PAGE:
The interviews indicated difficulties with breathing and chest pain, which resulted in trouble sleeping at night. Seventeen participants (81.0%) mentioned having trouble sleeping at night, and 13 participants (61.9%) noted that cough sometimes prevented them from sleeping all night, affecting their work efficiency the next day. Temporal effects such as coughing at dawn or midnight were confirmed. Nine participants (42.9%) mentioned about coping methods to fall asleep, e.g., when their symptoms were bad, sitting on the sofa would help them fall asleep, because lying down caused them to cough. Five participants (23.8%) had mentioned the effect that their cough had on other people. They would sleep in separate bedrooms or hold-in their cough as not to bother others. Seventeen participants (81.0%) experienced coughing and choking triggered by eating specific types of foods, including steaming dishes, noodles, and spicy foods. They were concerned coughing made others uncomfortable. Thirteen participants (61.9%) mentioned that they had increased their water intake to prevent coughing.

Impact on work and housework

Coughing sometimes interrupted the participants’ work and made them lose their motivation. Ten participants (47.6%) had difficulties with work involving social interactions such as phone calls, presentations, and counter business due to sudden coughing. As a result, chronic cough triggered a pronounced psychological burden, as it was a concern for the people around them. Coughing had serious adverse implications on work for 11 participants (52.4%), such as restrictions on car use, forced change of job, and leave of absence. It was shown that participants often tried to take medications to prevent coughing when dealing with clients or attending meetings. Eleven participants (52.4%) had to explain the nature of their cough to colleagues and clients, so as not to mislead them into thinking they had an infection. Housework burdens related to managing humidity, such as cleaning the bathroom, were highlighted by the participants. Eight patients (38.1%) mentioned that they required a break due to their cough. They reported using various approaches, including utilizing humidifiers when doing housework, to mitigate the effects of cough on their daily activities.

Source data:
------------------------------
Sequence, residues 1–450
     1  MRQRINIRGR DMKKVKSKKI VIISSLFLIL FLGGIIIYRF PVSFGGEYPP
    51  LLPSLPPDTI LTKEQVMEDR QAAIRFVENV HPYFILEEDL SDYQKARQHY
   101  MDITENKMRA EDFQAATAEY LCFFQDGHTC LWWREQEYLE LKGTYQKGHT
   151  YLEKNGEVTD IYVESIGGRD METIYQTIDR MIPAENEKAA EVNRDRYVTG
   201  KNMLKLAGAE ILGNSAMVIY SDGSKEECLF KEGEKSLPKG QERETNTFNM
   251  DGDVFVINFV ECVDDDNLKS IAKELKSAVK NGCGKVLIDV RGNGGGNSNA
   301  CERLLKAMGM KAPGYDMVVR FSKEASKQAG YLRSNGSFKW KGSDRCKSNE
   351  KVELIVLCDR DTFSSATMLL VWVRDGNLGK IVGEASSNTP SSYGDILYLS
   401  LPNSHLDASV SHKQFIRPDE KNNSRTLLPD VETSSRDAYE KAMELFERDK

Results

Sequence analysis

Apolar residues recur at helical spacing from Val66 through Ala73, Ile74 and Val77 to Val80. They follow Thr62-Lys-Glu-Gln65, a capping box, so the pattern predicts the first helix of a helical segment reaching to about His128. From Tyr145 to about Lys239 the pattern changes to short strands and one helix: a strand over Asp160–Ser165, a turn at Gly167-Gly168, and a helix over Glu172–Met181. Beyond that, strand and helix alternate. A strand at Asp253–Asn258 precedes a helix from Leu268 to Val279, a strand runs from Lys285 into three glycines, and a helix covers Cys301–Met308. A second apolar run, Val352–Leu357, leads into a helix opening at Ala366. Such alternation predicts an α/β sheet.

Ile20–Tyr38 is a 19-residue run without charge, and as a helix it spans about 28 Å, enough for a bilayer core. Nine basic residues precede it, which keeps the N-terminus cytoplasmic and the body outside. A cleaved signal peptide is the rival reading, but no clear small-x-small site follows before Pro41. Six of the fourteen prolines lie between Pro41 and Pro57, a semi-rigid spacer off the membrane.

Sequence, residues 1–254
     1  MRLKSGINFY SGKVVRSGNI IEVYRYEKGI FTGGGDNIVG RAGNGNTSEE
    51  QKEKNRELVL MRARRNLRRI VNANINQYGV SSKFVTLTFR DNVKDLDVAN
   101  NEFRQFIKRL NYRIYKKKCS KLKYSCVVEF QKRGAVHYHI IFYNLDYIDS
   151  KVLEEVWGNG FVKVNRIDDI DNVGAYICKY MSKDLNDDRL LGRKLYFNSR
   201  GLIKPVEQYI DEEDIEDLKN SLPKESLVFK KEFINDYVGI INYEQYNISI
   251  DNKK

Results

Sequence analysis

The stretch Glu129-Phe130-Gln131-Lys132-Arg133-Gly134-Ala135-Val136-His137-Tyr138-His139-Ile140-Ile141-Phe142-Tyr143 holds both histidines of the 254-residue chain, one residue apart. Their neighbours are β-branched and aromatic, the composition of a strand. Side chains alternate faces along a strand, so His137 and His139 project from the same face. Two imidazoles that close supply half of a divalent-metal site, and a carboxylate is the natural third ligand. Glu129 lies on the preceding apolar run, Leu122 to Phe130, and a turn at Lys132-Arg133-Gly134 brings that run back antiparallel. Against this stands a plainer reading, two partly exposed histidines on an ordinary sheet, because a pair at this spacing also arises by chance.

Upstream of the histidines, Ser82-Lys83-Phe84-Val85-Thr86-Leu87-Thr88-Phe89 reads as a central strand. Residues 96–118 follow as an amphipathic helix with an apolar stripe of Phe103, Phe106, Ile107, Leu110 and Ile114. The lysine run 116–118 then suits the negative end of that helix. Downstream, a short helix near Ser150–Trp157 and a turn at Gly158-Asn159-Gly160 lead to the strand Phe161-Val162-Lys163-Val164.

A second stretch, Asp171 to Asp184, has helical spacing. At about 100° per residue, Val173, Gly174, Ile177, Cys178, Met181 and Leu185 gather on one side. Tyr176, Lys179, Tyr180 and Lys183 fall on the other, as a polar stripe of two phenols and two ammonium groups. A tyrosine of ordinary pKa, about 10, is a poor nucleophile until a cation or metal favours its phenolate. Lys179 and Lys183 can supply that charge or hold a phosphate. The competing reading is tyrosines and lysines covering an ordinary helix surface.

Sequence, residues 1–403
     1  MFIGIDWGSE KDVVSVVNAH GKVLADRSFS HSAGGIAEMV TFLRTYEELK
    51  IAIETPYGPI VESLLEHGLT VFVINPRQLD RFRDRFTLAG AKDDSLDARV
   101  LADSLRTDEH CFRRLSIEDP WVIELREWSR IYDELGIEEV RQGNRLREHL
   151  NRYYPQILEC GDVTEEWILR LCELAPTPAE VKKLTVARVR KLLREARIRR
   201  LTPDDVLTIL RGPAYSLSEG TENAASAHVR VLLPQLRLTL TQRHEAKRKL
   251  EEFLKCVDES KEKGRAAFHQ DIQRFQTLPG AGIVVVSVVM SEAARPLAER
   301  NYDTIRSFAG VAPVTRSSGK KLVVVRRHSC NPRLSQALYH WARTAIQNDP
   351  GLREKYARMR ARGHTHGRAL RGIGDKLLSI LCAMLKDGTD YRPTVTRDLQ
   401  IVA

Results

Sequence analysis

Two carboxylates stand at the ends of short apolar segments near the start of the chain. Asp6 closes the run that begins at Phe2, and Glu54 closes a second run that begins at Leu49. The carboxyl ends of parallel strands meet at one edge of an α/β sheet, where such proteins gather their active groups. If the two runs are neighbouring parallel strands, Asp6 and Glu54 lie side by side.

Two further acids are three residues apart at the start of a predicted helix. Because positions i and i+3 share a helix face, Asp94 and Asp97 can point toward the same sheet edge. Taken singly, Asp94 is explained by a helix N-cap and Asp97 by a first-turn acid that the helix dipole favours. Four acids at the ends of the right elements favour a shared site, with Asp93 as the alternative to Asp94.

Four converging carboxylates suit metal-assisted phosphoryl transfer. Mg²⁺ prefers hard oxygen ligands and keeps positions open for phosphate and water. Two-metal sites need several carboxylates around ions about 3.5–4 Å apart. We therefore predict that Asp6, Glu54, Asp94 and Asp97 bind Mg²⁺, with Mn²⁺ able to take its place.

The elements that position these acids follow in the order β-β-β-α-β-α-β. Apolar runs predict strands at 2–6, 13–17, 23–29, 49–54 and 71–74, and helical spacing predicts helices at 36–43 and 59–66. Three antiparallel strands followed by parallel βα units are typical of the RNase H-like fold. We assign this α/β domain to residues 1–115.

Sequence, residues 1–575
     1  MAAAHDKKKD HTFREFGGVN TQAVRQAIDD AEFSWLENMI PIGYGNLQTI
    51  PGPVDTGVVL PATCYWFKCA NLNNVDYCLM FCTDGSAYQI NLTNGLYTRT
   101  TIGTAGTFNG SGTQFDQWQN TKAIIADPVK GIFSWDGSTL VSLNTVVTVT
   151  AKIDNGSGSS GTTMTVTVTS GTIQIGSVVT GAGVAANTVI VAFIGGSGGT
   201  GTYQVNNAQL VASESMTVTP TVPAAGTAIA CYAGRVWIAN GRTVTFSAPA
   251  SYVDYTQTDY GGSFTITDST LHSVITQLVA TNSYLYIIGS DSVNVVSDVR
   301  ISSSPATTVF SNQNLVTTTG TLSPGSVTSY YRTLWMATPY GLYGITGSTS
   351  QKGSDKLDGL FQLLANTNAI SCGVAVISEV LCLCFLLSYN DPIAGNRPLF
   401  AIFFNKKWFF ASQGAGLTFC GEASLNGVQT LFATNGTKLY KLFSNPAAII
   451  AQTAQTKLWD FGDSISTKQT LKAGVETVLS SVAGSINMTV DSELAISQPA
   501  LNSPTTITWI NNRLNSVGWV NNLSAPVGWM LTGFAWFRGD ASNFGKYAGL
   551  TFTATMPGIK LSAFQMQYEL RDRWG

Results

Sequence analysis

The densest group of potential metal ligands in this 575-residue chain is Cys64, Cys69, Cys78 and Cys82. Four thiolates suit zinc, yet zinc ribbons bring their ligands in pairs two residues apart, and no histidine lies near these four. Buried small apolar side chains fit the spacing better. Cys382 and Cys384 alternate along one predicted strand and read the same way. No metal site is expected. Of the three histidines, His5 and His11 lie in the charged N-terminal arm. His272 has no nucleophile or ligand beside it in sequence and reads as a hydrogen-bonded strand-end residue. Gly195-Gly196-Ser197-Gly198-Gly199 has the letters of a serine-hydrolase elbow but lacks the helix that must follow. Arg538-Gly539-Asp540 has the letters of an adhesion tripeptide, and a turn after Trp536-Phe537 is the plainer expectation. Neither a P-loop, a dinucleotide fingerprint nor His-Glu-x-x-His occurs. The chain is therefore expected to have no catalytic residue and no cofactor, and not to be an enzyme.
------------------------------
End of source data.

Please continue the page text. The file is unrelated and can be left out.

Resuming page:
Impact on family, friends, and communications

The participants were interviewed regarding the impact of chronic cough on family, friends, and communications. Due to coughing, 14 patients (66.7%) spoke about how people around them would get worried and in some instances advise them to see a cough specialist while providing possible reasons for their cough, such as their history of asthma. Six participants (28.6%) indicated that they were sympathetic more often about other people with cough. The participants mentioned that gaining a better understanding from the people around them decreased the burden on them. Family members of the patients were often worried and supportive. Sixteen participants (76.2%) mentioned that coughing often interrupted conversations, including phone calls. It was highlighted that in 14 participants (66.7%), although the interruptions had not yet affected their relationships with others, they were concerned about how they felt about their coughing and felt guilty. Moreover, due to coughing, the participants ended conversations quickly and felt the direct burden of others feeling offended.

Impact on hobbies and leisure

Fifteen participants (71.4%) commented on how they had to quit or reduce the time spent on hobbies and leisure activities due to their cough. Four participants (19.0%) expressed that while the time spent pursuing hobbies had not changed, they were forced to choose timeframes and transportation means that decreased interaction with others. Four participants also mentioned the anxiety associated with their cough led to them ensuring that their medications and cough suppressant candies were always readily available.

Economic burden and burden of hospital visits